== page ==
My studies and the rest of life generally have kept me away from the bench, and even more, away from this blog, for a while. But, since my little Popular Woodworking article was just published, I guess I ought get back to this on a more regular basis.

I’m in the midst of reading a biography of Henry David Thoreau right now, and learning how much woodworking/handymanning he actually did. We think of him as the patron saint of American environmentalism, and he was in many ways. Observation and appreciation of nature are at the root of his writing and life. But he also invented processes and machinery for the family pencil manufacture business (which was housed in a very modest building for the quantity the Thoreau’s were turning out in the 1840s). He was also a major fixer of things that broke in the Emerson household (Emerson was famously clumsy, his son Waldo once worrying that he would “dig his leg”).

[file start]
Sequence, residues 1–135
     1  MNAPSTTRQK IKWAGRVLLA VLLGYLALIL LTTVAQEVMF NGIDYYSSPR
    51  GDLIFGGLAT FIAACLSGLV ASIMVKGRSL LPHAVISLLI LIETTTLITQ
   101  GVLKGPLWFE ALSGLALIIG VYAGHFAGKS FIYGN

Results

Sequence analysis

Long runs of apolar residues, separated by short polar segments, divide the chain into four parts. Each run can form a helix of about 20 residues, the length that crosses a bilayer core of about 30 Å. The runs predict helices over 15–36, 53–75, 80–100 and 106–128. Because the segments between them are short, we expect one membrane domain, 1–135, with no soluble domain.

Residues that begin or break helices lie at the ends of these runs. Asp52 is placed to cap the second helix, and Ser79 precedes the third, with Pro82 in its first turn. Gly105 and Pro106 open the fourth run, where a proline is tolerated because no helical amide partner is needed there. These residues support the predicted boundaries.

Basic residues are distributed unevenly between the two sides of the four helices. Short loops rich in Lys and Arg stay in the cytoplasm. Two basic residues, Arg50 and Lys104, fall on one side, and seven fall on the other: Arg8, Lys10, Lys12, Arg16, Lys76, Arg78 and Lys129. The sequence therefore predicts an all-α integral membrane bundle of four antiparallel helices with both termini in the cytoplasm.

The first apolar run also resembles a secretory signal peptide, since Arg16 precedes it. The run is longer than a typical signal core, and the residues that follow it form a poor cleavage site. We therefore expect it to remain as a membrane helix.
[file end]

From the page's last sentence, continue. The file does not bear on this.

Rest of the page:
This has given me the idea of further research on Thoreau’s knowledge of woodworking. While much has been written about the cabin, I’d like to do some more research on Concord’s carpenters and joiners of the period–and maybe try to figure out what other tools besides an axe Henry have borrowed.

Thoreau’s woodworking (and his writing about it) could also be compared to Walt Whitman’s (they met and enjoyed each other’s company and writing). Whitman worked as a house carpenter (like his father) for a time and of course wrote “The Song of the Broad Ax” in 1856. Both of these literary figures have had a lasting impact on the way that American culture talks and thinks about the relationship of work to the world around us. I suspect the role of working wood probably hasn’t been much explored–the ways that woodworking metaphors and metonyms pervade our common language and understanding of self, for example. That might be because scholars aren’t usually woodworkers, and woodworking scholars don’t usually turn to literary figures.